The Cutting Edge of Stained Glass
For more than thirty years, Judith Schaechter has been applying avant-garde sensibilities to a once traditional art form: stained glass.
(from artist's website)
About Judith Schaechter
Judith Schaechter has lived and worked in Philadelphia since graduating in 1983 with a BFA from the Rhode Island School of Design Glass Program.
She has exhibited widely, including in New York, Los Angeles, and Philadelphia, The Hague, and Vaxjo, Sweden.
She is the recipient of many grants, including the Guggenheim Fellowship, two National Endowment for the Arts Fellowships in Crafts, the Louis Comfort Tiffany Award, the Joan Mitchell Award, two Pennsylvania Council on the Arts awards, the Pew Fellowship in the Arts, and a Leeway Foundation grant.
Her work is in the collection of the Metropolitan Museum in New York, the Victoria and Albert Museum in London, the Hermitage in Russia, the Philadelphia Museum of Art, the Corning Museum of Glass, the Renwick Gallery of the Smithsonian Institution, and numerous other public and private collections.
Judith’s work is noted in two survey-type history textbooks, Women Artists by Nancy Heller and Makers by Bruce Metcalf and Janet Koplos.
Judith has taught workshops at numerous venues, including the Pilchuck Glass School in Seattle, the Penland School of Crafts, Toyama Institute of Glass (Toyama, Japan), Australia National University in Canberra Australia.
She has taught courses at Rhode Island School of Design, the Pennsylvania Academy, the New York Academy of Art and at The University of the Arts, where she is ranked as an Adjunct Professor.
Judith’s work was included in the 2002 Whitney Biennial, a collateral exhibition of the Venice Biennale in 2012, and she is a 2008 USA Artists Rockefeller Fellow. In 2013, Judith was inducted to the American Craft Council College of Fellows.
Connect with Judith Schaechter
Judith Schaechter is one of the world's leading exponents of large stained glass, a medium she's been instrumental in helping to revive.
Judith Schaechter: See, the good thing about stained glass is it died prematurely. It didn't live up to its potential in its time, so there's stuff that can be done with it.
AJC: And you're doing it.
Judith Schaechter: And I'm doing it.
AJC: How good are you now?
Schaechter: How good am I now?
AJC: Compare yourself with, I don't know, the great stained glass artists of old. Renaissance, Louis Comfort Tiffany.
Schaechter: You know I have a tendency to be very grandiose in my own mind.
AJC: Go for it.
Schaechter: I think I'm the best.
Schaechter: Because I think that I have actually, well, I'm one of the best. See? I'm backpedaling now. Now I'm getting embarrassed. I think that I have stretched the form. Other people stretch the form, too, but not very many. I would say it's a low stakes proposition to stretch the form in stained glass. I wish more people would be interested in doing that. I can see why they're not. But it's kind of easy to be a big fish in this pond. I am a very competitive person. I went in to be the best and I think it's just as egregious if I were to say, you know, “Oh I'm just kinda, like, okay.” Because I'm better than okay and there are people who are in this medium and I don't wanna insult them by saying that I'm average.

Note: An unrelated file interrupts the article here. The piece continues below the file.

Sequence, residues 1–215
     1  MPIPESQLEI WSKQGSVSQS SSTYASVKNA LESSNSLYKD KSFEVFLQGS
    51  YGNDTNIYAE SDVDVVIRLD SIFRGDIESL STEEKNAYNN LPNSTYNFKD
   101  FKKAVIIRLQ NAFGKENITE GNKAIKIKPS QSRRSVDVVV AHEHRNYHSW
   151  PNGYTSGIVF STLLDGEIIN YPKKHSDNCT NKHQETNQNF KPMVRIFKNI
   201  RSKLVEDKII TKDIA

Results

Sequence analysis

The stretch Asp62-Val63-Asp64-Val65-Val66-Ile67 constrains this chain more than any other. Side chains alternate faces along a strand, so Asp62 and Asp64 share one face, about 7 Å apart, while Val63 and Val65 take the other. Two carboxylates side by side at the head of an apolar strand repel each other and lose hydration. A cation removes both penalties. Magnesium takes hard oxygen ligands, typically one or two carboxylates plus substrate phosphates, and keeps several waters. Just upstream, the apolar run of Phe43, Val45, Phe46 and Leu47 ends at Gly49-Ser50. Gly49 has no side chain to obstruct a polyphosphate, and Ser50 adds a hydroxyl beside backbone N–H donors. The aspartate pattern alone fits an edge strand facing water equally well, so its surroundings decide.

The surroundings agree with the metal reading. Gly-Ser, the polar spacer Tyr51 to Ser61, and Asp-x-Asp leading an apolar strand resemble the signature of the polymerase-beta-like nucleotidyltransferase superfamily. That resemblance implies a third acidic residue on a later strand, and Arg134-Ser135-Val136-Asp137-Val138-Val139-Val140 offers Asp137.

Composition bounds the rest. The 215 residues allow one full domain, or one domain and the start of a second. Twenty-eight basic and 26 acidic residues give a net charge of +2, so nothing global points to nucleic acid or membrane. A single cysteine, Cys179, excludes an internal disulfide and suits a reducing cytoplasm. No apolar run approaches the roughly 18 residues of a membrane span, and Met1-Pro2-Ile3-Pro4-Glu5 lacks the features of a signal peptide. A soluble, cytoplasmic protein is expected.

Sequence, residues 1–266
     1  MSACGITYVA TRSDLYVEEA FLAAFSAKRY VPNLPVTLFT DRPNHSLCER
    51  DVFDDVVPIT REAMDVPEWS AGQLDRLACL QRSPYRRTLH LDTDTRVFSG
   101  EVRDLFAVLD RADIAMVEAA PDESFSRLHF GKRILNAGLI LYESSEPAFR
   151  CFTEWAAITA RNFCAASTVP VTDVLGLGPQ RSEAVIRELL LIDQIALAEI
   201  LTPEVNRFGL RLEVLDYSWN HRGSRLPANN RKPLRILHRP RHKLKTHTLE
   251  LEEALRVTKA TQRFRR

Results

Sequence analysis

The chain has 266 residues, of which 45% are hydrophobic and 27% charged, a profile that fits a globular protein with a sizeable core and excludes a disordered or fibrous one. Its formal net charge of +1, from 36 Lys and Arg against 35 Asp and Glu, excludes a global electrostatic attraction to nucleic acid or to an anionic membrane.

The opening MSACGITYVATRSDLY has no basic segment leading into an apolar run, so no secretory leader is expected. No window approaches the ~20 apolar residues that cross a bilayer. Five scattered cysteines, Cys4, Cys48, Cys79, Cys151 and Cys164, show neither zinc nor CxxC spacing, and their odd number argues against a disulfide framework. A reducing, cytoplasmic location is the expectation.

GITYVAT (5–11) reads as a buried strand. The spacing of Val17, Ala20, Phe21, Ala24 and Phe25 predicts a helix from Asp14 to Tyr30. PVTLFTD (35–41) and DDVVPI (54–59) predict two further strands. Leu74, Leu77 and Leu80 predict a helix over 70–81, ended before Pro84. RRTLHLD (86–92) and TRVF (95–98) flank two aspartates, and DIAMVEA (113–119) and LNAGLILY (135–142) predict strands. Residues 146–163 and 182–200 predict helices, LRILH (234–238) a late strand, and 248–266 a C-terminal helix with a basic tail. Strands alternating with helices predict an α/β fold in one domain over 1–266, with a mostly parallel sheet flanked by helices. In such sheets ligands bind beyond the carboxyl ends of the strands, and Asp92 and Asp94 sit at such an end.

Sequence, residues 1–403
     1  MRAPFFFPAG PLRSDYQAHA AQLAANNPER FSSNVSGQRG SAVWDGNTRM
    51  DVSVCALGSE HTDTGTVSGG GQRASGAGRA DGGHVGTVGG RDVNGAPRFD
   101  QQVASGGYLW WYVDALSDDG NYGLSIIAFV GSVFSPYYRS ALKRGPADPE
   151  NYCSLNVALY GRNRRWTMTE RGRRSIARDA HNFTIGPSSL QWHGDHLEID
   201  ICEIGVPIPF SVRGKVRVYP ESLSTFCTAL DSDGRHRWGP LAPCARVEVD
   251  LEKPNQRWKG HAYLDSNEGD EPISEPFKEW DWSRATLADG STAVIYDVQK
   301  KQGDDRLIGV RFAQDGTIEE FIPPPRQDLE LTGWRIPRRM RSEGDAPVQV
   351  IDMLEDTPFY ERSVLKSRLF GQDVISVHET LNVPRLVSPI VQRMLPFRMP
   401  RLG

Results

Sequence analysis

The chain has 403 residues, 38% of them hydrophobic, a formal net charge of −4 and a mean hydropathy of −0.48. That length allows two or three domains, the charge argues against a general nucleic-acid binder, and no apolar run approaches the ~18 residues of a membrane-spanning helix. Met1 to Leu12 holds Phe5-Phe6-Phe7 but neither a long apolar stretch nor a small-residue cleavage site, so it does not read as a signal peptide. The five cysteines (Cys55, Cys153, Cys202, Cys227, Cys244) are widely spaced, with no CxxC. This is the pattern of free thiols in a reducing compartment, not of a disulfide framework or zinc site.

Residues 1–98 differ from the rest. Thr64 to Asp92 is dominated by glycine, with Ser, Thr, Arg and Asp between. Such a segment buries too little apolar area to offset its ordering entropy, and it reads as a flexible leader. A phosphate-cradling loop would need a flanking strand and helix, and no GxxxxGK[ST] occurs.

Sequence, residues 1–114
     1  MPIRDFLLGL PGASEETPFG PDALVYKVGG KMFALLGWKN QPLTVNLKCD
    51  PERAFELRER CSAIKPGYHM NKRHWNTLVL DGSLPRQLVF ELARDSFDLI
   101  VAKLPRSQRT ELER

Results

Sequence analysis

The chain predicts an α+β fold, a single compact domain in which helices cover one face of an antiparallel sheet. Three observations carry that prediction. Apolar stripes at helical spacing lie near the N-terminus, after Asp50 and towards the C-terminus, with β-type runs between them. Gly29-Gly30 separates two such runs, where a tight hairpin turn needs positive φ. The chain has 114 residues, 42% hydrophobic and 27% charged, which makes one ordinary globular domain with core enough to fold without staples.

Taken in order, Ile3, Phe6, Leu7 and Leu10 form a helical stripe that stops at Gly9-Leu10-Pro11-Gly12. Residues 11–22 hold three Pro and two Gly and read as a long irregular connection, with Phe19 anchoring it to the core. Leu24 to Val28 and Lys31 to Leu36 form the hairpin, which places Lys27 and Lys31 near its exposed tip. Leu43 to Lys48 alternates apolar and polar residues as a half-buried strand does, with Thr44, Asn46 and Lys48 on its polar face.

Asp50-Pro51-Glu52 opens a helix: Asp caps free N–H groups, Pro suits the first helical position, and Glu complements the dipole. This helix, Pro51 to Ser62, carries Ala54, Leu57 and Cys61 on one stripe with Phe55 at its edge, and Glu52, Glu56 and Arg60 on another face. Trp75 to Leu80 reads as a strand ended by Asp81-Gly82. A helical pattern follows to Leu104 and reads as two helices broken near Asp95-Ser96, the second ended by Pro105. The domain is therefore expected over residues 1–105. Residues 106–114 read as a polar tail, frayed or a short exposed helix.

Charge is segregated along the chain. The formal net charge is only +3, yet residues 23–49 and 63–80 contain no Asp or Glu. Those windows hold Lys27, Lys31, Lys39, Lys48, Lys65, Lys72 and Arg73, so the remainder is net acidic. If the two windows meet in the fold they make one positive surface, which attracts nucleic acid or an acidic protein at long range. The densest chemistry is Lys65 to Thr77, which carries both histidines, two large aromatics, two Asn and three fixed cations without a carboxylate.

Schaechter's work has been exhibited in some of the world's most prestigious collections, including the Metropolitan Museum in New York, London's V&A, the Hermitage Museum in St. Petersburg, Russia, and the Smithsonian Institution, making her rightly one of the most highly regarded artists in her field. Historically stained glass windows were created by artisans for ecclesiastical settings where they were used to illustrate holy texts.
AJC: Does what you do always have to have a story? Does it have to have a meaning beyond what we see in the work?
Schaechter: One of the things I've come to feel very strongly about is this privileging of ideas and what I take people to mean when they say the word “ideas” is some sort of a verbal construction. And what I find typically is much more constructive for me is to draw, to work through the materials and the process towards an idea. I don't have an idea and then make it. I'm not separating labor from management, here. I really think art is one of the big opportunities in life to solve the mind-body split. Art is right at the nexus of those things and to favor concept over process is problematic. I also think of craft in my case as an extreme sport. I am not messin' around. I deliberately make it as hard as possible 'cause I'm just that kind of a weirdo.